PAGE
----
- Use an ‘inverted pyramid’ style when it comes to displaying your content – your most important information should sit on top so it grabs your reader’s eye. If they’re interested they will keep scrolling down for the finer details.
- Use a clear call-to-action – this is where you’re asking your reader to do something. For example, “To find out more about my therapy services, please visit my website” and add a link – try to drive traffic to your website and, ideally, it’s a good idea to have a landing page ready and waiting for customers to read about any offers you’re currently running. This will help to measure your marketing too in terms of Google Analytics. Make sure your call-to-action is really clear; use a bold font or a different colour which can easily be read.
- Use a larger font – okay so we’re not talking about size 20 Arial but try not to go below a size 12 because it will prove difficult to read. What’s more, don’t try to cram too much wording in using a size 9 font – your readers won’t make it to the end.
- Break up your content with images – everyone enjoys visual emails rather than plain text. If you can embed a video in your email, then this is a real bonus.
- Create an attention grabbing subject line using no more than 50 characters or less – tell your customers what’s inside without trying to use hard-sell tactics, e.g. give them a reason to open the email which will ultimately give them benefit.
- Think about the time of day you send out your email – some marketers have even created reports and charts on this subject. Again, I would apply some common sense – if you’re targeting business to business, then maybe send your email so it lands first-thing in the morning or at lunchtime when people have more time to read their emails. Likewise, if you’re aiming at business to consumer, and you have personal email addresses, then try sending early evening after people have had the chance to come home from work, eat their dinner and relax – between 7pm and 10pm is a great time of day for consumer related emails, and over weekends too.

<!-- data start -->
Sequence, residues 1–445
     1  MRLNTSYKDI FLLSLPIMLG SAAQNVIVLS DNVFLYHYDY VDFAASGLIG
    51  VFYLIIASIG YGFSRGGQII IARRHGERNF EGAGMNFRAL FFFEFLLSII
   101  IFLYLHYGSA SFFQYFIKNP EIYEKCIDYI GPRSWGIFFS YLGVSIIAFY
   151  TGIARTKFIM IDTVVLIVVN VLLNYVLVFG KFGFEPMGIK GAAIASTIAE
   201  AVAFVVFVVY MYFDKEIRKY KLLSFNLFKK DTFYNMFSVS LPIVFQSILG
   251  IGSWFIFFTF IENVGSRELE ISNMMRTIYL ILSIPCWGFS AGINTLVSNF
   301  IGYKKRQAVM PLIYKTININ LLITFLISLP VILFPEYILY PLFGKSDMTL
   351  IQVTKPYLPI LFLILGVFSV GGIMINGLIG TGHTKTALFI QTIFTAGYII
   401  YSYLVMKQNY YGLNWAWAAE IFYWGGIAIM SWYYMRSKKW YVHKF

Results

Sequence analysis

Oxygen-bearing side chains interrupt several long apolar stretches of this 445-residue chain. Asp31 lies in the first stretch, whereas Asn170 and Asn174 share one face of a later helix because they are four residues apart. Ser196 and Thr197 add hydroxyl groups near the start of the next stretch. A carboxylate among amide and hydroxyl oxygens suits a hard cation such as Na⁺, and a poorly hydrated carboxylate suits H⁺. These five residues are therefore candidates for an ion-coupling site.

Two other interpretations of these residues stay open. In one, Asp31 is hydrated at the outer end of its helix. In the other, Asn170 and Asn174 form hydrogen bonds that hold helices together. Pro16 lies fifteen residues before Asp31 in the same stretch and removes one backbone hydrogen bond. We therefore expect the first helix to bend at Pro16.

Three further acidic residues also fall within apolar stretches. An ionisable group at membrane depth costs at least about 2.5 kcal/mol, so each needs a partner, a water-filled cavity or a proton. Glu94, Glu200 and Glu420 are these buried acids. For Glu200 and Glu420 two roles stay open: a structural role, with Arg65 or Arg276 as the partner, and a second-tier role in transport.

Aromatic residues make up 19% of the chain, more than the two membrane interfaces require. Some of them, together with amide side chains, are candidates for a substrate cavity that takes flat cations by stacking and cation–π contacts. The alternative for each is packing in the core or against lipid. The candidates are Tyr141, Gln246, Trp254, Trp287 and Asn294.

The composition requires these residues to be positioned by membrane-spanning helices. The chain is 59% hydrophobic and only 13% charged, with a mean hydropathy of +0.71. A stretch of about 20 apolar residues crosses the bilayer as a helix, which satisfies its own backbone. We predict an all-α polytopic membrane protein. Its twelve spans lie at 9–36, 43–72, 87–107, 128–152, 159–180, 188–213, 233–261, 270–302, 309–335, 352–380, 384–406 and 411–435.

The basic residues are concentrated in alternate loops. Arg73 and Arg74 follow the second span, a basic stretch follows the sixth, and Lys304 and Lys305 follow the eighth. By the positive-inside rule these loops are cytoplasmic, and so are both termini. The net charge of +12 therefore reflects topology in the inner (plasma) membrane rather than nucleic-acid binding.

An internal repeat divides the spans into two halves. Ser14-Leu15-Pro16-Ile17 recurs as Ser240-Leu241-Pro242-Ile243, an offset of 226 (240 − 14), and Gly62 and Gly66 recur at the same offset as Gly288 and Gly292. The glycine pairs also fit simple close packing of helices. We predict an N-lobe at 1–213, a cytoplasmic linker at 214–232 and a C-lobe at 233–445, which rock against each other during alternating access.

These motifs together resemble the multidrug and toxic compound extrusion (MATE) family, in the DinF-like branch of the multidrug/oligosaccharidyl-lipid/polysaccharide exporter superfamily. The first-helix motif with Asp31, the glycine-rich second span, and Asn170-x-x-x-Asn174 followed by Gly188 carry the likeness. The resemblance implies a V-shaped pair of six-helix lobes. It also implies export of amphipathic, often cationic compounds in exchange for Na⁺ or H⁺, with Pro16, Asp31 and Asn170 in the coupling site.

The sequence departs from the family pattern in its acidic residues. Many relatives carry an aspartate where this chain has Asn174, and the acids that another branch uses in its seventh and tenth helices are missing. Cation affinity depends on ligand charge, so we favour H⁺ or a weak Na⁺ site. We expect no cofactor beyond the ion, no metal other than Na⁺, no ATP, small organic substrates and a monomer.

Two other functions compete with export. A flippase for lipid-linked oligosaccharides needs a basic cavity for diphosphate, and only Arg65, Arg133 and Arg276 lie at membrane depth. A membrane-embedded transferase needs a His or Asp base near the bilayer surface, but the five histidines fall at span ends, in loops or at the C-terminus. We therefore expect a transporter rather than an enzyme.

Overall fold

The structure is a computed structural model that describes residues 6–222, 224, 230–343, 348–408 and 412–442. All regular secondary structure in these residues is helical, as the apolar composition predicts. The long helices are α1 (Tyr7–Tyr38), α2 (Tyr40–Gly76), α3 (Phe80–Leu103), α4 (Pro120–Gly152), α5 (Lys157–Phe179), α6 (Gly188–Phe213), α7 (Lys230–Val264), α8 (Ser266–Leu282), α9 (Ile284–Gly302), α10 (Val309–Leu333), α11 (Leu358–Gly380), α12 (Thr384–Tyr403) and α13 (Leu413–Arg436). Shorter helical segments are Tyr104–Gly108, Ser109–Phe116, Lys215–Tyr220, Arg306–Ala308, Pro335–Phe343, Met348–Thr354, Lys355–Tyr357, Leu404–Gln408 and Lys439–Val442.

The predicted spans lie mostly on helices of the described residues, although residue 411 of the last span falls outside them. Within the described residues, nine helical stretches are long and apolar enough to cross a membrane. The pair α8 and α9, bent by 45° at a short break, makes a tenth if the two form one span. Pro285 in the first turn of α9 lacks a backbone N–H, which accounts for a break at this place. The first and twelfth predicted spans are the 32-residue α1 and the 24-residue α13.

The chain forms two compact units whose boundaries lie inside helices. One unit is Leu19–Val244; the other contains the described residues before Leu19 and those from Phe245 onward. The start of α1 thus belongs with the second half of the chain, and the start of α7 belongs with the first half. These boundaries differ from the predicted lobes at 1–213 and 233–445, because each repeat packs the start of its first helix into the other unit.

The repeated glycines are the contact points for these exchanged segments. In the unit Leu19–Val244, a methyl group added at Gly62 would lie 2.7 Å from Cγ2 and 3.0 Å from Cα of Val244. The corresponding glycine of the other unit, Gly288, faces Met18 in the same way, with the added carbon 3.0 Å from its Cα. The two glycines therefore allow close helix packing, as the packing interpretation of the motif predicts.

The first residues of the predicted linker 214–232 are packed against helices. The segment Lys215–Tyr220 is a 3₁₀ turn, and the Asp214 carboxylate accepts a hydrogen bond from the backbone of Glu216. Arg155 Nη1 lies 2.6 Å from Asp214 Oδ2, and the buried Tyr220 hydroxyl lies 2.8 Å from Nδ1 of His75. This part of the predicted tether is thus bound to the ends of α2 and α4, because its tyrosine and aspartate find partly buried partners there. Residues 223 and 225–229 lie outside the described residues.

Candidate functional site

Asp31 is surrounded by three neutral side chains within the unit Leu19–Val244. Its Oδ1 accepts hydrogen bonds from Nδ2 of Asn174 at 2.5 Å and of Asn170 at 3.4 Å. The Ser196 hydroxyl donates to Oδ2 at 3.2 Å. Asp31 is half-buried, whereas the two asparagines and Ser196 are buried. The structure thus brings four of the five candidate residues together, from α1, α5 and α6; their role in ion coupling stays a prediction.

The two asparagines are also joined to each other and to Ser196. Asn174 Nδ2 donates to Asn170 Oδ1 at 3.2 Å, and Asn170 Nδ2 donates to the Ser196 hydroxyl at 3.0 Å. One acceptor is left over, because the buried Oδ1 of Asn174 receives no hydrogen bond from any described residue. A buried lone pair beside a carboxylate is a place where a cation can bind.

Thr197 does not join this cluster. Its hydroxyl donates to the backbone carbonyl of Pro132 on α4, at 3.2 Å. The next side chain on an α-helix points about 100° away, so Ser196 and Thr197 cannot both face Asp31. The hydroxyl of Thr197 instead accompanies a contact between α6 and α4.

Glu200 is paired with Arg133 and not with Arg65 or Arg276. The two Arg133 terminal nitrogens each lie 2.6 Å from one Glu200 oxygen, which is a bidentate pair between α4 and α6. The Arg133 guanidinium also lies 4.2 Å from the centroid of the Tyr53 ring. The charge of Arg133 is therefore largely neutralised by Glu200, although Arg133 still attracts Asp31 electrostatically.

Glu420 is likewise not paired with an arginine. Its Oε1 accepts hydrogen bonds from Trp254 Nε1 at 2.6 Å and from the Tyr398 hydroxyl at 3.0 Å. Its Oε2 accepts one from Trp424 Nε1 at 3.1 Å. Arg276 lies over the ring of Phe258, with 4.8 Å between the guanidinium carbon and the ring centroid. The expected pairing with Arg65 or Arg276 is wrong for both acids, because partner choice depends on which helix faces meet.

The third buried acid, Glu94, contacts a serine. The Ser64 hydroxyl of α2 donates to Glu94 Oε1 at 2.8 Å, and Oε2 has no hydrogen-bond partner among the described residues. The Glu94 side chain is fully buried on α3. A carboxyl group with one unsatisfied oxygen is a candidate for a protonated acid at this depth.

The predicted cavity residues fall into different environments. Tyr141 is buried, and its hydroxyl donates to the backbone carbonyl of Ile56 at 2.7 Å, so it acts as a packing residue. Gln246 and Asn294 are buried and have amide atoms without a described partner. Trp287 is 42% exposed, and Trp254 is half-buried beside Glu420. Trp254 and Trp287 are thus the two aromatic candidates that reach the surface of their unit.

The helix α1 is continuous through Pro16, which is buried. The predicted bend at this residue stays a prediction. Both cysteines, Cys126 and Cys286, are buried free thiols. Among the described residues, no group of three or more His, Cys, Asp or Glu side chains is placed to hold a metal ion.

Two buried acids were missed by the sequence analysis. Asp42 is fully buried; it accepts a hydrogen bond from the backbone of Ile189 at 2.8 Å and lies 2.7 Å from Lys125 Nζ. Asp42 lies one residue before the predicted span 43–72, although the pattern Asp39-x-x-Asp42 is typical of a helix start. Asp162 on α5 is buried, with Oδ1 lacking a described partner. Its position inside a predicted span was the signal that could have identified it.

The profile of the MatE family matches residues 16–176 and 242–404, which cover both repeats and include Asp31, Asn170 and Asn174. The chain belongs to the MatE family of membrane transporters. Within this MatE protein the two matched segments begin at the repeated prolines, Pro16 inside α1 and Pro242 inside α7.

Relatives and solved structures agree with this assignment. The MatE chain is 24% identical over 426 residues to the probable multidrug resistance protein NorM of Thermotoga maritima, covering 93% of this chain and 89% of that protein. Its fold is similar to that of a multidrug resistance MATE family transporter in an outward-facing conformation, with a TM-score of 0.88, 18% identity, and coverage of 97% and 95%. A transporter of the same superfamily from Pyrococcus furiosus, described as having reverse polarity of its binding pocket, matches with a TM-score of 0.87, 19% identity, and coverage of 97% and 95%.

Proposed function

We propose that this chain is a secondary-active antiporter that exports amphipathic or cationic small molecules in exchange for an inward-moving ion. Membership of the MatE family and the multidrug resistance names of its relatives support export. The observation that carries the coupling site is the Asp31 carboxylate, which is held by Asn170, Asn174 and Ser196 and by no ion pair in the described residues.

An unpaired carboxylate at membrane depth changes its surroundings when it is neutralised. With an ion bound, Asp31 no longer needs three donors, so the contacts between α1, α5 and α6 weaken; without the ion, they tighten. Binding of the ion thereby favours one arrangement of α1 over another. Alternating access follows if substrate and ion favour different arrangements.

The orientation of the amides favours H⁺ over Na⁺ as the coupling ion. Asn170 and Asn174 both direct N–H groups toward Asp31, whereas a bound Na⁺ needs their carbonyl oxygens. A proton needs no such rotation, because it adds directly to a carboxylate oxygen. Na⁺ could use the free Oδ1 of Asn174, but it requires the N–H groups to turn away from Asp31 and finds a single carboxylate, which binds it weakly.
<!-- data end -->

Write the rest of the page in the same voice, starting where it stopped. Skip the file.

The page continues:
- Use Split A/B testing on your emails – this is when you test different subject lines of emails by sending to two small groups of email addresses, the email containing the subject line with the highest open rate will be used as the subject line for the remainder of your emails. Mailchimp have great advice on how you can set this up for your own email marketing campaign.
- Only use permission-based email marketing – this is both a legal point and best practice. You should only send email marketing to those who have ‘opted in’ to receive your marketing emails and those who have signed up to your email newsletter. Contacts from a ‘cold’ purchased email database are likely to end up considering your emails as spam which could prove harder for you to send out in the long-run especially if you are blacklisted. Mailchimp have some excellent advice on this and are a great free email template provider if you’re looking to create an email campaign.
I will be posting more tips on email marketing and how to communicate to your customers again in the next few months. In the meantime, if you need help with your email marketing, then please don’t hesitate to contact me or call 01455 444731.
Image credit: Image “Computer And Envelop” by ddpavumba